NASA's Dawn spacecraft sends back close-ups of dwarf planet Ceres' surface

Launched in 2007 with an ion engine, Dawn is nearing the end of its voyage soon.

NASA's Dawn spacecraft is sending back incredible close-ups of the dwarf planet Ceres.

The spacecraft has been circling Ceres since 2015. In June, it reached its lowest orbit yet, skimming the surface from just 35 kilometers up.

The latest pictures released on Monday offer unprecedented views of a huge impact crater known for its bright salty deposits. Landslides are clearly visible on the rim.

NASAs Dawn spacecraft sends back close-ups of dwarf planet Ceres surface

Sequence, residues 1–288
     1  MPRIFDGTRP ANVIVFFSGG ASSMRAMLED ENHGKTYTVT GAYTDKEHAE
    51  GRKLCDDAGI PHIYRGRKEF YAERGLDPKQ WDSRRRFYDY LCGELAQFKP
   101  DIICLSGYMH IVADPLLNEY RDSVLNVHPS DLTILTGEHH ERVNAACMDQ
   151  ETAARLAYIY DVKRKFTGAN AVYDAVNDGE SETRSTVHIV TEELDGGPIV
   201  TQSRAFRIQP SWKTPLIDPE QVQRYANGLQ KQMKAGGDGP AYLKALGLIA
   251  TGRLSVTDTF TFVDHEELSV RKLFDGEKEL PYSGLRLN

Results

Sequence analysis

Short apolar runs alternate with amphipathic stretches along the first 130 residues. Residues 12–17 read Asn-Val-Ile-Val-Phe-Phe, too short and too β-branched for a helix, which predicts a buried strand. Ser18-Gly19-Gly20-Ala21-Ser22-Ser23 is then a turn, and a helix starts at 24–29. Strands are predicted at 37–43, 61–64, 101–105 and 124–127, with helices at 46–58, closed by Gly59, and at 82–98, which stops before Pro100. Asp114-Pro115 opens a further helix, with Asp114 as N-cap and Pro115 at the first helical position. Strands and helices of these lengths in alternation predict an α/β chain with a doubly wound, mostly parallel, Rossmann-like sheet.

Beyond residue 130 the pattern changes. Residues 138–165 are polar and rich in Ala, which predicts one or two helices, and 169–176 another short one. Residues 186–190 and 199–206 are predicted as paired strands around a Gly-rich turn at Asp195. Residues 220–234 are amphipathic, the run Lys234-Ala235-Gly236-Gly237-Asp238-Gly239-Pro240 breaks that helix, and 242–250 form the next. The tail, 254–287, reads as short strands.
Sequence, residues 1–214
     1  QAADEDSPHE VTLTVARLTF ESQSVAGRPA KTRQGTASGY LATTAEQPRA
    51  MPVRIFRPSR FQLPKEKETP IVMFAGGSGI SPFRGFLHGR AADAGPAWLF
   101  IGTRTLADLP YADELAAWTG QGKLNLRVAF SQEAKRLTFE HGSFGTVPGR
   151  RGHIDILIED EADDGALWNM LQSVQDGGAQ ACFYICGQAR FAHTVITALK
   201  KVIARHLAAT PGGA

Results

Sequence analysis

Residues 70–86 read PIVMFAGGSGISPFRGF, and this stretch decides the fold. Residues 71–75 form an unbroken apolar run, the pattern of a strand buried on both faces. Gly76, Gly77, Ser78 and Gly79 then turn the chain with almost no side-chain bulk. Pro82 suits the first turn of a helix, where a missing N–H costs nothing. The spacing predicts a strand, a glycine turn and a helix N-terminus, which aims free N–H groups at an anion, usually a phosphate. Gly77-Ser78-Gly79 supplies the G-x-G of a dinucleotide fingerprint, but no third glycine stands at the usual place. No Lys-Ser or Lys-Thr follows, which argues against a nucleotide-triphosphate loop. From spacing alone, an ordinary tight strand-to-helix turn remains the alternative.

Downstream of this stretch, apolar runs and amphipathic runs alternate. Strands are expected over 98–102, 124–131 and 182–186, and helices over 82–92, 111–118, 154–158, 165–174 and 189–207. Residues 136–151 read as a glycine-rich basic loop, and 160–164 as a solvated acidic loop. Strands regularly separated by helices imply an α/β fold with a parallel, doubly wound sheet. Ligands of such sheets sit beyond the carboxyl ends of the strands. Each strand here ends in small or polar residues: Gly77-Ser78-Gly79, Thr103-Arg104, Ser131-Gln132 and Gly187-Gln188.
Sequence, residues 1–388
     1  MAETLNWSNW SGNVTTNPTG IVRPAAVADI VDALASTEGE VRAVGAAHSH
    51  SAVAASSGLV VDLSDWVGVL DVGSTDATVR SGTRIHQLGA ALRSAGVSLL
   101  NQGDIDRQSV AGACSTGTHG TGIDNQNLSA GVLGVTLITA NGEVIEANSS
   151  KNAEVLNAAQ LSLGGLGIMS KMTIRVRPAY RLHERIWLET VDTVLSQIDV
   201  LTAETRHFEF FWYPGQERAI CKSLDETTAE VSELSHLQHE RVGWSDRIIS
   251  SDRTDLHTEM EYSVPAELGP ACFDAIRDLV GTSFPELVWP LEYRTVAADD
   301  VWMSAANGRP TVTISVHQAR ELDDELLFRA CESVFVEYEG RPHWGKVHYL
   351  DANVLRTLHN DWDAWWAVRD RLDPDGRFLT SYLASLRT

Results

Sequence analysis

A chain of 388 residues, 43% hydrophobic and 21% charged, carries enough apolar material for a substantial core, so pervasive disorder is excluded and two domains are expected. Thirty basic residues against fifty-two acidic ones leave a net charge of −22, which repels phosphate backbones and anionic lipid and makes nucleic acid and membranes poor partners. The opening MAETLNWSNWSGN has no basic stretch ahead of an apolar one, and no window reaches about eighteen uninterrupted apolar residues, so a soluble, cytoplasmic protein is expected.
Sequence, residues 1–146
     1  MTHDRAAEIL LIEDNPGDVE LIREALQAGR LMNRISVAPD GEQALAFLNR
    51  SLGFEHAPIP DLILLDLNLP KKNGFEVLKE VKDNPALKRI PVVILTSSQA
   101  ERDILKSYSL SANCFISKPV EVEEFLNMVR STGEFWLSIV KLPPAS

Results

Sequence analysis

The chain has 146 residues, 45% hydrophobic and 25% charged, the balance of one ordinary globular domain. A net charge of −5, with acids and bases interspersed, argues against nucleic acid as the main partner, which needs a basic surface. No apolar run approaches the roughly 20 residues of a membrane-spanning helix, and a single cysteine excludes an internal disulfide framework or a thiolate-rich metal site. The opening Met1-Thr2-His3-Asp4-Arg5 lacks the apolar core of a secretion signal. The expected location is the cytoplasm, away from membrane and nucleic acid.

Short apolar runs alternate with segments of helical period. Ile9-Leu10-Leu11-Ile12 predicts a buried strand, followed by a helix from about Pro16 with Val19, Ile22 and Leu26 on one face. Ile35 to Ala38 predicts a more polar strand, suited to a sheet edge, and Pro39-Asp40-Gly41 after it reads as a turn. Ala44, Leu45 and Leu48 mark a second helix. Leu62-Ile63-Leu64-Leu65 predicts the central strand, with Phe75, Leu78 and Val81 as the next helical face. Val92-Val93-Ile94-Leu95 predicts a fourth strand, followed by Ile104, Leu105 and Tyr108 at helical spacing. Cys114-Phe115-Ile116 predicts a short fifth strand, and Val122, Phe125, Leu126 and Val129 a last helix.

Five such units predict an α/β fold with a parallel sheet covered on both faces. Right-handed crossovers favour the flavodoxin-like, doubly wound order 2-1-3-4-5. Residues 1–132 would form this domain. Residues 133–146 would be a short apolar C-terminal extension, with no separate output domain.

This image showing landslides along Occator Crater's rim was obtained by NASA's Dawn spacecraft from an altitude of about 35 kilometres. AP

Chief engineer Marc Rayman of NASA's Jet Propulsion Laboratory in Pasadena, California, says the results are better than hoped.

Before arriving at Ceres, Dawn explored the asteroid Vesta. Both are in the asteroid belt between Mars and Jupiter.

Launched in 2007 with an ion engine, Dawn is nearing the end of its extended mission. NASA expects the spacecraft to last just another few months.

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